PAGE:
Data and Society
Big data tools have big application in cancer health risk analysis
The rising incidence of lung cancer in ‘never smokers’ with no family history of cancer has baffled Australian researchers. Of particular concern for clinicians and researchers at the Peter MacCallum Cancer Centre in Melbourne was the lack of insight into the underlying causes of these unexpected cancers – especially in the younger population. They suspected air pollution as a contributor, but could not investigate the link.
That changed in 2015, when Professor Richard Sinnott gave a talk at the centre about big-data analytic platforms that extract knowledge from diverse datasets.
Professor Sinnott is the director of eResearch at the University of Melbourne where a 20-strong team of engineers have built the Australian Urban Research Infrastructure Network (AURIN) platform and a multitude of big-data (cloud) processing systems.
Through a web-based portal, AURIN allows secure access to highly diverse social, economic and environmental data scattered in more than 70 government, academic and commercial organisations.
Professor Sinnott demonstrated AURIN’s clinical power by uploading data from the Victorian Lung Cancer Registry to look for correlations with air pollution.
In visually graphic forms, AURIN mapped the incidence of registered cancer patients against pollution levels measured by the National Pollutant Inventory, traffic data from VicRoads, the location of parks, air-quality data from the Environment Protection Authority Victoria and much more.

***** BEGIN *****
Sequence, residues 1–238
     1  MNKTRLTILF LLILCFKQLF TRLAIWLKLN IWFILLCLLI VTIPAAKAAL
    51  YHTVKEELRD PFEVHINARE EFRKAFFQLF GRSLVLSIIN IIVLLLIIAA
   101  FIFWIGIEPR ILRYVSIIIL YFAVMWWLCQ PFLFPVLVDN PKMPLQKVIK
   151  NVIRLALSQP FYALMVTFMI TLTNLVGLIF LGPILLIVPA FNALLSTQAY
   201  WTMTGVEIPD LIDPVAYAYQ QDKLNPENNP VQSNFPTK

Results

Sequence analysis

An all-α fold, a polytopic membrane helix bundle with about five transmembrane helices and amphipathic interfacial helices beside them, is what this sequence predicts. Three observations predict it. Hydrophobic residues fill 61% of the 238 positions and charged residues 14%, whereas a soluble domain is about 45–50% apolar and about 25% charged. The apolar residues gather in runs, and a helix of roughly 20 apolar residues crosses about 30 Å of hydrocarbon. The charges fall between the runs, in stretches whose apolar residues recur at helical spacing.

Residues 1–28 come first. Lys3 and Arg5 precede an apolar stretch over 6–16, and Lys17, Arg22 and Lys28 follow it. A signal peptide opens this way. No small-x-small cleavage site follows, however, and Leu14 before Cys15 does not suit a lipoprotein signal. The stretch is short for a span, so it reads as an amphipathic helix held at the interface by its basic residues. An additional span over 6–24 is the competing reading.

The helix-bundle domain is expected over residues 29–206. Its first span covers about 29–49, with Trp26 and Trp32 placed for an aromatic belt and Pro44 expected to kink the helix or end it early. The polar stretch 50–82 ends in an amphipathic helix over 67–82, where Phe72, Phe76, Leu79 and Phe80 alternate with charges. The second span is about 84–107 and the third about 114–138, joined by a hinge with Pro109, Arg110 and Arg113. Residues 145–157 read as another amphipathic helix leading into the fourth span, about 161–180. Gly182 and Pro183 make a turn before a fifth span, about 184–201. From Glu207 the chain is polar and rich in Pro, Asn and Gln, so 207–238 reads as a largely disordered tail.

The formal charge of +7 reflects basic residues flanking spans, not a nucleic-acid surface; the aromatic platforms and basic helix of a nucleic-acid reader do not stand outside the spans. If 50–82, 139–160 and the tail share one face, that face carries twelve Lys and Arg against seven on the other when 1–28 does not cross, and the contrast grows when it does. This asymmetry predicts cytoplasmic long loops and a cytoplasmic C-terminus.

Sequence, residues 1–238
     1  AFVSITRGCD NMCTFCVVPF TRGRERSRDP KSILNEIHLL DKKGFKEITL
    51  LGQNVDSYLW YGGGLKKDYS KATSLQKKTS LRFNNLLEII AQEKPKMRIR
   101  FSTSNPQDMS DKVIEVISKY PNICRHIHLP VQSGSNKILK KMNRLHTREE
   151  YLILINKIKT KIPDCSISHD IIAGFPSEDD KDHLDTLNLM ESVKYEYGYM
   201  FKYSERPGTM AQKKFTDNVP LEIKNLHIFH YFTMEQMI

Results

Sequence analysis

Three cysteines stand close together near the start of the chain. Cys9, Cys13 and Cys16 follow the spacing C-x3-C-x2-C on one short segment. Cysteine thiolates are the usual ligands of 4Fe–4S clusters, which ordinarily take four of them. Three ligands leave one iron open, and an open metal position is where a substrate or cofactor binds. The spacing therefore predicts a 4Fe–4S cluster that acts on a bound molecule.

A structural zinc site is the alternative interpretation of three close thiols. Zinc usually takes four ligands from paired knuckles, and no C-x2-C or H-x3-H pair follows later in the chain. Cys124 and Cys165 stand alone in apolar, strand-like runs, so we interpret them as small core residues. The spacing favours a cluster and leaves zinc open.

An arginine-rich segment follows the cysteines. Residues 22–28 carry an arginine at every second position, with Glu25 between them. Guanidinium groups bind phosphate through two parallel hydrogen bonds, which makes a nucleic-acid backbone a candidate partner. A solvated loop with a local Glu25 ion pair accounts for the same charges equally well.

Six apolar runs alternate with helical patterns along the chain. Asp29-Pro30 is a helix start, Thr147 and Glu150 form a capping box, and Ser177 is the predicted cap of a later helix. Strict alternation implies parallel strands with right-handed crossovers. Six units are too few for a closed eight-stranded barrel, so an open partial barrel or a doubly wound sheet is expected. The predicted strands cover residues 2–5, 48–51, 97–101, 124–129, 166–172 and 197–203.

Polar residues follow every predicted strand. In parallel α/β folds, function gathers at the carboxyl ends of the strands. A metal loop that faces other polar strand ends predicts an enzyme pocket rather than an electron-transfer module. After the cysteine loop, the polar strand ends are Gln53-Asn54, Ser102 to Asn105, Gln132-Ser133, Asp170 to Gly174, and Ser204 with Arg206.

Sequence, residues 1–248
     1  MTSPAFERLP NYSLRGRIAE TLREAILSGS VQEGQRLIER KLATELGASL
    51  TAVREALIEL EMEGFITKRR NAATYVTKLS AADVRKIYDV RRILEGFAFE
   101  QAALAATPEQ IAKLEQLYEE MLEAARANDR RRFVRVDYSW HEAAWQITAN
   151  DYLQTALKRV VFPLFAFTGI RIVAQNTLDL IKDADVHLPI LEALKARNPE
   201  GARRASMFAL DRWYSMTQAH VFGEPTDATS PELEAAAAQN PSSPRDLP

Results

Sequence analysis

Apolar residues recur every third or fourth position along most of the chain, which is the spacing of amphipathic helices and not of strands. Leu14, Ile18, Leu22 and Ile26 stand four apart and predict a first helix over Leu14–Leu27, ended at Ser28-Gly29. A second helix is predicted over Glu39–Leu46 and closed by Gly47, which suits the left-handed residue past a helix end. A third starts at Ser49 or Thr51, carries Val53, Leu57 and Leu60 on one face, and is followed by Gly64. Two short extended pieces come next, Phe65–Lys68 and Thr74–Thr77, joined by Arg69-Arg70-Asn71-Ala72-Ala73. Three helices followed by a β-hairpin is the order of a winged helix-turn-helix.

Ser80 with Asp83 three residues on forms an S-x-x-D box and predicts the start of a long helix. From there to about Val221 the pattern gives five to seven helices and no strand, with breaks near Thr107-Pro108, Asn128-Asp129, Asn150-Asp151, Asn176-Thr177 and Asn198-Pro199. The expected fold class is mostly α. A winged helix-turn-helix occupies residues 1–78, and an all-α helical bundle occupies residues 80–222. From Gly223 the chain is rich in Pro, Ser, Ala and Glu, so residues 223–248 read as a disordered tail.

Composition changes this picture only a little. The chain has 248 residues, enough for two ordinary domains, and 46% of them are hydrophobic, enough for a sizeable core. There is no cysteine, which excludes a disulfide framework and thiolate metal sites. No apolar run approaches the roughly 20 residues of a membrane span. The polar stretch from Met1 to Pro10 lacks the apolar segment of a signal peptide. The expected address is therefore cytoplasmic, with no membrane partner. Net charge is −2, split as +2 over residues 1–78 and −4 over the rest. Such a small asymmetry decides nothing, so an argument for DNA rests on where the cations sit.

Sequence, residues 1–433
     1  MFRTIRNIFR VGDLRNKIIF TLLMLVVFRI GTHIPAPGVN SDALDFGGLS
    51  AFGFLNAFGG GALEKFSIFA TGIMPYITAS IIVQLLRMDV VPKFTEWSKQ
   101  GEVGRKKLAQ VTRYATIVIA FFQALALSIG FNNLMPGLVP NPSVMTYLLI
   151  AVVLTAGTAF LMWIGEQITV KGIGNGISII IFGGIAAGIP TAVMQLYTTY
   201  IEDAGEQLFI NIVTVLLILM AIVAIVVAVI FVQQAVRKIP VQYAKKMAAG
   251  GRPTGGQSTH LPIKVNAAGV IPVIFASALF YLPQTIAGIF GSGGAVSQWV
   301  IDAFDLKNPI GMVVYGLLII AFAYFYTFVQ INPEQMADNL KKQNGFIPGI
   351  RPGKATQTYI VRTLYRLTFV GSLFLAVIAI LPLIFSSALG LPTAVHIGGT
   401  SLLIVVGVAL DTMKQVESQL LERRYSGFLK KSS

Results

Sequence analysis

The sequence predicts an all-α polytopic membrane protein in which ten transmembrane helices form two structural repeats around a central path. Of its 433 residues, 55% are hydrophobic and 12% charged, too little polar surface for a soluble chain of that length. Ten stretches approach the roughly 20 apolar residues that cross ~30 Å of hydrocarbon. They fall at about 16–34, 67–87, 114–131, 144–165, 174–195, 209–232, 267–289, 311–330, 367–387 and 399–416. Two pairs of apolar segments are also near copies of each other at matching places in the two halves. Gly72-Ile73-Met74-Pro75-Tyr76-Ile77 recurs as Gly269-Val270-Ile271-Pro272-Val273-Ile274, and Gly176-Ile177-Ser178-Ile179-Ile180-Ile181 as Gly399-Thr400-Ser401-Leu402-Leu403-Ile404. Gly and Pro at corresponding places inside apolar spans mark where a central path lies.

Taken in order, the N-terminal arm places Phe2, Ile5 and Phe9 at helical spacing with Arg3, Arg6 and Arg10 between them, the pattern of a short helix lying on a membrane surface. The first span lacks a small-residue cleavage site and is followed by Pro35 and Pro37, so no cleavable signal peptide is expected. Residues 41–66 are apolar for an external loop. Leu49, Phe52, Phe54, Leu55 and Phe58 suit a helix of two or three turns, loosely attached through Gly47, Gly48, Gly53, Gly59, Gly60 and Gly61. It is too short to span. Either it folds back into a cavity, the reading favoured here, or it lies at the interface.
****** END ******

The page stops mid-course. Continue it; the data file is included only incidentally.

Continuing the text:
“We demonstrated that AURIN makes it possible to visualise disease incidence in their socioeconomic, geospatial and environmental contexts so that researchers can detect associations and connections between possible risk factors,” Professor Sinnott says.
He has since expanded AURIN’s reach of by recruiting “citizen scientists” to collect environmental data in zones associated with cancer clusters. The volunteers use mobile measuring devices (AirBeams) that are synched to the user’s smartphone through an especially designed app that shares the measurements with the central database.
The power of AURIN to make data available for clinical use is typical of Professor Sinnott’s IT solutions. Currently, a family of web-accessible, clinical IT systems support national and international research into diseases such as diabetes, cancer and a multitude of rare disorders.
“My clinical IT systems are intended to function as more than a big database,” Professor Sinnott says. “They are meant as ‘virtual research environments’ that enable far more efficient use of existing data and resources. The system we built for adrenal tumours (ENS@T-CANCER), for example, is now the go-to global resource and supports more than 25 major clinical trials.”